Well, I'll be!  In 2008, UT saw a steady decline in the passing ratio, even in nonconference games.  In fact, the trend is very linear with the exception of the UAB game.  When you remember that the UAB game was about a kajillion degrees and UT spend the second half killing the clock, that makes sense.  If we could somehow factor that out of the equation, I think you'd see a consistent decrease in the pass playcalls in 2008.  Not even 2005 shows such a trend.  For those of you who are looking for evidence of a reduction of Crompton's responsibilities in a game, here you go.

Alright.  There's more in those charts, but those are the major finds.  The rest is small stuff, so let's move on to other pretty charts.  Let's compare a few QB stats directly.  The following 2 charts show Yards-per-Attempt (YPA), Completion percentage (Comp. %), and QB Rating, comparing 2008 to various years.  Note that YPA is multiplied by 10 to make it easier to read.  No, UT was never getting 50 yards per pass attempt.  If they were, we wouldn't be having this discussion right now.


In the first chart, you see the overall values of 2008 compared to the beginning of 2005 and the 4-game losing streak of 2005.  That is the statistical definition of equality, right there.  In short, 2008 QB play is equivalent to much of 2005's QB play.  In 2005, UT was waffling between Clausen and Ainge for much of the season (in fact, the 4-game losing streak started with Clausen and ended with Ainge), so inconsistency might not be surprising. 

In the second chart, you see 2008 compared to the Ainge-Cutcliffe years.  You don't need a numbers freak to tell you that there's no good comparison there; 2008's passing performance doesn't come close to previous performance.

Now, you didn't need a pretty chart to tell you that QB play this year hasn't been a pretty picture.  But it does help give a sense of perspective.  Obviously, something is amiss with the passing game, and general observation will put most of the blame on Crompton's inaccuracy so far.  Can he recover?  Will he even be given a chance?  We'll find out.  We just know that it's not up to par.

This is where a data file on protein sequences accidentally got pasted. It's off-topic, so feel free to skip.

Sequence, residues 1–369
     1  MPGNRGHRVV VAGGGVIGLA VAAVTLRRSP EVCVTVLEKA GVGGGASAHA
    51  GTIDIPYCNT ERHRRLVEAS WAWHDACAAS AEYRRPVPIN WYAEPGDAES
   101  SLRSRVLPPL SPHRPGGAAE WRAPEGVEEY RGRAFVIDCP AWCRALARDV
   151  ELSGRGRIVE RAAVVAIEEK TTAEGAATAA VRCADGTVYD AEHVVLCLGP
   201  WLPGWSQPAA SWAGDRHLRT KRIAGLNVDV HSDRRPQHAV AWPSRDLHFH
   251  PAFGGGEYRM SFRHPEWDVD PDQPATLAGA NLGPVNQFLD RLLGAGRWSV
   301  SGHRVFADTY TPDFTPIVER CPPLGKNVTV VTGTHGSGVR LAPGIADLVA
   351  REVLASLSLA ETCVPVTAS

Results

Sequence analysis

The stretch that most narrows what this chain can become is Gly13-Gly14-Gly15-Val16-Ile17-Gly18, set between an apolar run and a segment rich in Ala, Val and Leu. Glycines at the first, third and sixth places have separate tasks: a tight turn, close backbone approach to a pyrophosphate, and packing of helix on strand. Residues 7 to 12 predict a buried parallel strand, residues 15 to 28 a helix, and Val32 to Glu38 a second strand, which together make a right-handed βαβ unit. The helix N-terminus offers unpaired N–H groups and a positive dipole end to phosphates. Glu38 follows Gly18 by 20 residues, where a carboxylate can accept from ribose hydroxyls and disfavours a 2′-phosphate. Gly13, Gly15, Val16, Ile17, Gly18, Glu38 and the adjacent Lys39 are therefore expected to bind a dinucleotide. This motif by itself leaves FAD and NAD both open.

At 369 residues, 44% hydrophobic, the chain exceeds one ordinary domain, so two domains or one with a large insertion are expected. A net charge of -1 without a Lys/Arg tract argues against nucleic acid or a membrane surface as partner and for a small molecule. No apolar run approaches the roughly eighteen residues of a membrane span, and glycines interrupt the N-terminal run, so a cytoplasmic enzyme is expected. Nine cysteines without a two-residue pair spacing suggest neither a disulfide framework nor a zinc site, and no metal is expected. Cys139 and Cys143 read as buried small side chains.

Ok, moving on.  Here is the last set of charts (tables, really) that I'll post here.  These are passing and rushing stats for the first 4 games for 2008 through 2002, and those dreaded 4 losses in 2005.  The games that UT lost are highlighted in red.  (In 2002, I guessed at the QB because the stats start to flake out there.  Going further back would have required intensive research (ie. non-internet stuff) so I stopped there.)  I'll put a few observations in bullet points below, but there's more to be noted than what I say.  Feel free to add in the comments anything else that stands out.


A few observations:

  • The rushing game has improved considerably.  The rushing stats in 2008 are ecplipsed only by the start in 2004.  But 2004 had considerably better QB play to keep the defenses honest.  We're a running team again, folks, and it's a great running attack!  Now we just need to have enough passing to keep opposing D's from stacking 9 in the box.
  • Erik Ainge had better stats than you thought.  Ainge's first four games were pretty good overall in 2006 and in 2007.  I know there was a lot of frustration with him when he was here, but he does deserve his due on this one.  Thanks, Erik.
  • 2008 was the second-best rushing effort against Florida since 2002.  2004 was the best, and we won that game.
  • The only other year UT started with more INTs than TD passes was, gulp, 2005.  Enough said.
  • We won't be successful with the run unless we can pass.  Duh, I know.  Buy you can see that the running production dropped off significantly in SEC play.  Part of that is due to playing better defenses, but part is due to those defense playing the run and daring Crompton to pass.
  • The number of offensive plays has been steadily decreasing in 2008.  Against UCLA, UT ran 41 passes and 34 rushes.  Even if you subtract the 3 OT plays, that's an Enduro compared to the 23 passes and 33 carries against Auburn.  The clock is flying, folks, and the team can't expect 4th-quarter comebacks.  Conversely, if UT has a lead, the rushing game should be good enough to kill the clock.  This again emphasizes the need for mistake-free football.

Well, that's probaby long enough for one post.  There's more in the data than what I outlined, but I'm sure Joel's eyes are glazing over right now.  If you see anything else, let me know.  If you see any glaring errors, let me know.  If you need a shoulder to cry on, well, I can't help you there.  My wife would get awfully suspicious...